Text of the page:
The common practice for all networks, long before wind energy came along, is to keep some “spinning” generators – that is, generators operating but perhaps at half power – all ready to be hooked up to the grid at a moment’s notice, if other generators fall out unexpectedly. These are usually gas turbines that can be ramped up to full power very quickly. So how much additional spinning reserves will be required for any wind power delivering energy to the grid at any given moment? How quickly will the wind decline, and how fast can generators be connected and ramped up to full power? Remember that grid managers err on the side of caution.
The only organisation with the detailed knowledge required to answer that question is the AMEO, which reports to the Council of Australian Governments (the state and Federal governments), and it’s not that organisation’s job to comment on such questions. The organisation’s job is to connect wind energy to the system, and make the grid work. But at least some increase in the amount of spinning reserves can be expected.
In other efforts to deflect all this draining criticism of wind energy, activists point to wind forecasting systems. If the grid operators knows in advance just how much energy will be available, and when wind might decline, it can reduce the spinning reserves required. Considerable effort is being expended on wind forecasting systems around the world, but how successful are they? This is another in a long string of questions about wind that are not only unexplored, but mostly unasked. Very few of even the activists who support wind have no idea that such systems are being developed or why they are a good idea, let alone the general public or policy makers.
Results of such a system being tested in Australia handed to me, show that for five minute forecasts the system has an accuracy of more than 95 per cent at certain locations. That is the system will forecast the strength of the wind five minutes ahead and will be right more than 19 times out of 20. This sounds impressive, but then what forecasting accuracy could be achieve by a system that simply declares that the wind will be the same in five minutes as it is now. That simple “status quo” system of forecasting will work well until the wind changes. The figures for one hour ahead, four hours ahead and 24 hours ahead are also impressive at mostly more than 90 per cent, albeit with considerable variations between states, but just how effective this will be in reducing general uncertainty and reserve requirements is a question for the engineers. Another and perhaps crucial problem, related to the problems above, is just how well the system forecasts extreme events, namely storms (when generators also stop producing).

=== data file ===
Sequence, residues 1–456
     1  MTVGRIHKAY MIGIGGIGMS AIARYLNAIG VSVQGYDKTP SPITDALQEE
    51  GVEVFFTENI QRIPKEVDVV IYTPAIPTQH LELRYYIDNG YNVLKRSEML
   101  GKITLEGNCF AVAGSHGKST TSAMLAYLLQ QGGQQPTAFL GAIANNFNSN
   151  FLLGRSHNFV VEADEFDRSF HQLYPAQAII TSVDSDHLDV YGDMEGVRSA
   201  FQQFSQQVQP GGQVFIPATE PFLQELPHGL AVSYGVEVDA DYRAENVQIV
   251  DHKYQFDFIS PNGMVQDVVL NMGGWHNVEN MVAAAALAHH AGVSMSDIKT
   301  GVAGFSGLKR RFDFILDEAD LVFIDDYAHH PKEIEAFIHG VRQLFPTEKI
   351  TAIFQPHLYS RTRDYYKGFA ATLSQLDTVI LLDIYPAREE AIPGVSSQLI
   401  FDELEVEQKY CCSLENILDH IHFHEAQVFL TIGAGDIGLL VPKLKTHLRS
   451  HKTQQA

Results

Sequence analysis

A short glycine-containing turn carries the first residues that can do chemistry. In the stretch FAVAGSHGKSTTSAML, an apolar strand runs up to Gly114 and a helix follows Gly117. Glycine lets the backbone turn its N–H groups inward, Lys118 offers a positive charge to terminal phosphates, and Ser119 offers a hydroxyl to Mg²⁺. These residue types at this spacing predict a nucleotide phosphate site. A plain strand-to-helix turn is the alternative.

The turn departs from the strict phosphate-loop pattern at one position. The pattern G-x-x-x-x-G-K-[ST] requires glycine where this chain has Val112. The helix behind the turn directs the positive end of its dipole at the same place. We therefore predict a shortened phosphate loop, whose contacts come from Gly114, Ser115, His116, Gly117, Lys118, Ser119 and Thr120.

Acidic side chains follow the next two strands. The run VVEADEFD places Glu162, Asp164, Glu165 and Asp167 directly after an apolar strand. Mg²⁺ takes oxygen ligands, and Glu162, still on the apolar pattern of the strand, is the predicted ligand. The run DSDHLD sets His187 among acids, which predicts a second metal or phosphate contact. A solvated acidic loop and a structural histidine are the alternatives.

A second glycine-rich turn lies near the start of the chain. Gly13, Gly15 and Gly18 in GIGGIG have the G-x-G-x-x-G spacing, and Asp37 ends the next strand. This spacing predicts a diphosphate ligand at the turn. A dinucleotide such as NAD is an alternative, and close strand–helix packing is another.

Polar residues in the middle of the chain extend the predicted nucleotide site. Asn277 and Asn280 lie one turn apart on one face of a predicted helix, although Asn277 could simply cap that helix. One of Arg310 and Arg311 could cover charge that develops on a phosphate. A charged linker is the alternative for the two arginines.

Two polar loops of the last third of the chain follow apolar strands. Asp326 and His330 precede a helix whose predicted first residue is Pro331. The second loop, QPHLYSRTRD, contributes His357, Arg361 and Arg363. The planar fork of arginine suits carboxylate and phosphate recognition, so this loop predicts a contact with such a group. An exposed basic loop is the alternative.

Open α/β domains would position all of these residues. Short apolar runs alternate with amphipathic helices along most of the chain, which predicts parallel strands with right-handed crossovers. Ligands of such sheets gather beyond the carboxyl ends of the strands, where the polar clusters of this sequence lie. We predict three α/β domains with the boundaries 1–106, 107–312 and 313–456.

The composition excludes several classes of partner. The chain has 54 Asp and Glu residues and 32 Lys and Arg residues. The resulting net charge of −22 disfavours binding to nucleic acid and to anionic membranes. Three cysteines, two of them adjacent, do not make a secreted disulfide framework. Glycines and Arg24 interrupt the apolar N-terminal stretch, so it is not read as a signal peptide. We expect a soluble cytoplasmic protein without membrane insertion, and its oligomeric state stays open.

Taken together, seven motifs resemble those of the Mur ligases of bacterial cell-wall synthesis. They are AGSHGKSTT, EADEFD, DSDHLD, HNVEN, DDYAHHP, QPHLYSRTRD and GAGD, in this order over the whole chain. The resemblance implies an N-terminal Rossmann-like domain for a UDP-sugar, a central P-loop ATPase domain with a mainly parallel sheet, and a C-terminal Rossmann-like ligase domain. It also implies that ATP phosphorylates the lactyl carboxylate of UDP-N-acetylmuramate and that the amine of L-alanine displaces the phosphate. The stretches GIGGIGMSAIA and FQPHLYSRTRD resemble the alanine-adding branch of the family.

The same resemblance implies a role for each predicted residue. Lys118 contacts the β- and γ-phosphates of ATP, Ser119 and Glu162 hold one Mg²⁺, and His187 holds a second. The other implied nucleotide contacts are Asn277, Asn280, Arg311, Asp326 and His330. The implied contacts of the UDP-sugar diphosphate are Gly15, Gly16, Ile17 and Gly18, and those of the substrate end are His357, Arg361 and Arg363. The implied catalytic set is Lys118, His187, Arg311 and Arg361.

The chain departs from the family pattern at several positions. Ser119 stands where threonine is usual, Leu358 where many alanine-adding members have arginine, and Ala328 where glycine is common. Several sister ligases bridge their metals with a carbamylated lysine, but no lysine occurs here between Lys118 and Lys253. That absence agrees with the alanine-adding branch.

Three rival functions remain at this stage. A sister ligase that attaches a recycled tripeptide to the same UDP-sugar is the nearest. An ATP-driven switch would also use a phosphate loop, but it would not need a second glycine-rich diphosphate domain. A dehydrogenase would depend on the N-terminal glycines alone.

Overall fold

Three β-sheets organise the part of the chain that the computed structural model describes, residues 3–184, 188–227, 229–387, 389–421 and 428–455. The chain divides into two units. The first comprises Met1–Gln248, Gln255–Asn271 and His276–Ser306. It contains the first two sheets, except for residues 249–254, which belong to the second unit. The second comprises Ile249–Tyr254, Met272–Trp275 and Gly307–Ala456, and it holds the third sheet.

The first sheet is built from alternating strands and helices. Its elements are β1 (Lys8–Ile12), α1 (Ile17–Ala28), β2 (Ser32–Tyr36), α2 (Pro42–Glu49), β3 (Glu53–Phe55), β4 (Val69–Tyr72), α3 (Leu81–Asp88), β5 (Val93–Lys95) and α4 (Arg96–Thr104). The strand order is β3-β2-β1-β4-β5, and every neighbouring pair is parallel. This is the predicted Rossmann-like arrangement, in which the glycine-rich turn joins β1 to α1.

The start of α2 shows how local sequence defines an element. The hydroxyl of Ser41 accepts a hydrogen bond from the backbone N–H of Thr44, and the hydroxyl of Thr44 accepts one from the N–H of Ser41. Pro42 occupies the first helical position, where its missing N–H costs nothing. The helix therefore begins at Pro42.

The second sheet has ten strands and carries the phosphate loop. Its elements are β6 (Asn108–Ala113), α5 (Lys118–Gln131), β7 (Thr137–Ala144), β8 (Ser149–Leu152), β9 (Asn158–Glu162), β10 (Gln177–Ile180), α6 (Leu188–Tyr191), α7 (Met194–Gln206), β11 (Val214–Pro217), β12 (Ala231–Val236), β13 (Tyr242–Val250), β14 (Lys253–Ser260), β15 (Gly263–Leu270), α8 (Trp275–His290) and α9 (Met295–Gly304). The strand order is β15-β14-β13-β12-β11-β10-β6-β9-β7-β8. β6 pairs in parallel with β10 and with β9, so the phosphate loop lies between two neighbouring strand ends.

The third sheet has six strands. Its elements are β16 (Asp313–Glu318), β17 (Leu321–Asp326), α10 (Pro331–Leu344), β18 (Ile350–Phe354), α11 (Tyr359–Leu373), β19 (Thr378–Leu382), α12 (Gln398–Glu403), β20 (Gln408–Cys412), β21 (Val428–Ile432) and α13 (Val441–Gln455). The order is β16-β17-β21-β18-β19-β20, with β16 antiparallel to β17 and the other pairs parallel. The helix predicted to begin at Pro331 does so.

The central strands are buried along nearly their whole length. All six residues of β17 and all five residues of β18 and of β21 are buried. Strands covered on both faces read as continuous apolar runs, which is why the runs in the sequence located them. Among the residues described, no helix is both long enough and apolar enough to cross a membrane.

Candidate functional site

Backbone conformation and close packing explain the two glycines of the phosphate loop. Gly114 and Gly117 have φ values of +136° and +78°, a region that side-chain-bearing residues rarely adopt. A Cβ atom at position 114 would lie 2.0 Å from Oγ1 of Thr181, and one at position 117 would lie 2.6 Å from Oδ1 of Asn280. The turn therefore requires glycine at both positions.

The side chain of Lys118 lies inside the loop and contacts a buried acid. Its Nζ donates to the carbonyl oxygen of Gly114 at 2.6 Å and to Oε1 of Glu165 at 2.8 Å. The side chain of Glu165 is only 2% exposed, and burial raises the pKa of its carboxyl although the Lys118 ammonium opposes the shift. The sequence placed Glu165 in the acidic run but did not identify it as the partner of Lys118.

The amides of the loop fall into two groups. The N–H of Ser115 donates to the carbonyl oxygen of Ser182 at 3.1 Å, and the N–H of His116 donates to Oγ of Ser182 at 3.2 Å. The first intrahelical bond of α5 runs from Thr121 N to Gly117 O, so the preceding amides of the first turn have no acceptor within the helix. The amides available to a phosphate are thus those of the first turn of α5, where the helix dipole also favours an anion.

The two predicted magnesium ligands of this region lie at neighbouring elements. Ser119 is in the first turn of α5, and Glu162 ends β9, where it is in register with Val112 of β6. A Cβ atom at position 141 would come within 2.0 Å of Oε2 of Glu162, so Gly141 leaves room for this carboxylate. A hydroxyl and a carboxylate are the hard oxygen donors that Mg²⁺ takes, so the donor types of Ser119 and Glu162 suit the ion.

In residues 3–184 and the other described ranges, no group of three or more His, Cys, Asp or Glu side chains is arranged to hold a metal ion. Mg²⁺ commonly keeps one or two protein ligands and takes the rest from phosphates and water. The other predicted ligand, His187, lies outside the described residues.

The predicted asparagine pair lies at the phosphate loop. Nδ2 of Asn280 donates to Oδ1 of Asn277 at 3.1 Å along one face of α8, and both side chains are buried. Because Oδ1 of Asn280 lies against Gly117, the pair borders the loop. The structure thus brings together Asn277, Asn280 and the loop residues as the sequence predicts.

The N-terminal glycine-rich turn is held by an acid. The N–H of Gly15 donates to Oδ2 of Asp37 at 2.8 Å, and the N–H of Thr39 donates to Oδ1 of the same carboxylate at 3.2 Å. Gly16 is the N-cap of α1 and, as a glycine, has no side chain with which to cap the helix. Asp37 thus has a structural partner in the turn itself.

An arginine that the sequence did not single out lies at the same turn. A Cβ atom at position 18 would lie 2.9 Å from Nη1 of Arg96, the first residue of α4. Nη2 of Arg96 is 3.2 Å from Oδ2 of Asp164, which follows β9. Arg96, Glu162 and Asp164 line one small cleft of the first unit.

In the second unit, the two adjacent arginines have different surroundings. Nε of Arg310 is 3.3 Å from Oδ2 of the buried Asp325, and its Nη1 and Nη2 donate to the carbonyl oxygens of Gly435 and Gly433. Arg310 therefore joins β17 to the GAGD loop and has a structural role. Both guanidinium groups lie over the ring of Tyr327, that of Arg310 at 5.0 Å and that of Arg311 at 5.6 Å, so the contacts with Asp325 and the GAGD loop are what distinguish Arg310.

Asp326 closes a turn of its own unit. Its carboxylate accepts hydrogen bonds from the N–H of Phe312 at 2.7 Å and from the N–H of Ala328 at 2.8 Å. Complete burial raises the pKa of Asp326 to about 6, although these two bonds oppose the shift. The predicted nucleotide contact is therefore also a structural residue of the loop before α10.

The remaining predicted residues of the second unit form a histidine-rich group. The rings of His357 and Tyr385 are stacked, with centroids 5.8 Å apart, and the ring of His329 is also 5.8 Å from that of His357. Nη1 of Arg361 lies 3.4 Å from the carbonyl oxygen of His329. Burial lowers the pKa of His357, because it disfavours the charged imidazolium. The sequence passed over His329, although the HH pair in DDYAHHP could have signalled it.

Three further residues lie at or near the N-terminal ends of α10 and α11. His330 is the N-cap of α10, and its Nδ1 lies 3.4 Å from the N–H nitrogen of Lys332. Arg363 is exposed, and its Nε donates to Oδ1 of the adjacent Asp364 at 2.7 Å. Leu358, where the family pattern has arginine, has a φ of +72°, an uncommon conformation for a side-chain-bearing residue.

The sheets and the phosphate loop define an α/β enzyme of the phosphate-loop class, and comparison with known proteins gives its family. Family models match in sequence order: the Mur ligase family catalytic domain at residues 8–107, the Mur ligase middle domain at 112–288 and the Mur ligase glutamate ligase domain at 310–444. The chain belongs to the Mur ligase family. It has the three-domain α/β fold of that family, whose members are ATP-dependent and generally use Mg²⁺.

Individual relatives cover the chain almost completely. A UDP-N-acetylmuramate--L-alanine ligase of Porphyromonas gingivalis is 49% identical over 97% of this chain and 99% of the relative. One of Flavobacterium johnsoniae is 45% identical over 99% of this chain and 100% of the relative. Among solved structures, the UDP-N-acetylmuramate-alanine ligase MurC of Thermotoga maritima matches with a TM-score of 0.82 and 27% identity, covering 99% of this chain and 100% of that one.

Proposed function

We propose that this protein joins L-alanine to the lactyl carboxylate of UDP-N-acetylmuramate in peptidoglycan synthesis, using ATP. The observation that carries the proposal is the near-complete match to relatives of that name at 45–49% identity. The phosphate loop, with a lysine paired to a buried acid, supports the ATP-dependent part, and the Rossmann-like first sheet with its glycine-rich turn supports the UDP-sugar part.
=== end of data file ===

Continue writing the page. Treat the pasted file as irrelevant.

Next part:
Whatever may come of wind forecasting systems, there is yet another problem with wind farms arising from the need to build them in isolated, windy spots. Transmission lines have to be built out to those spots but built to take full output, for when the generators are operating at full tilt, and not the average. It is akin to building super highways to a remote town to handle traffic that, for most of the time, is at the volume found on a suburban road. This is an enormous, additional expense.
Again even the bulk of the wind activists, let alone the general public, have no idea these problems exist. But then, as noted in my previous article, wind farms are not really intended to save carbon. Instead, they are built as symbols – to make activists feel better, and to reassure voters that the government is trying to do something about green concerns. As we shall see in succeeding articles, the way the system has been set up, it is likely that the books will be automatically arranged to point to illusionary gains in carbon, but the cost of this charade will be much harder to disguise.
Mark Lawson is a senior journalist on the Australian Financial Review and the author of A Guide To Climate Change Lunacy – bad forecasting, terrible solutions (Connor Court, 2010).
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Part 1 of “Blowing away money” is here…
Part 3 of “Blowing away money” is here…
Part 4 of “Blowing away money” is here…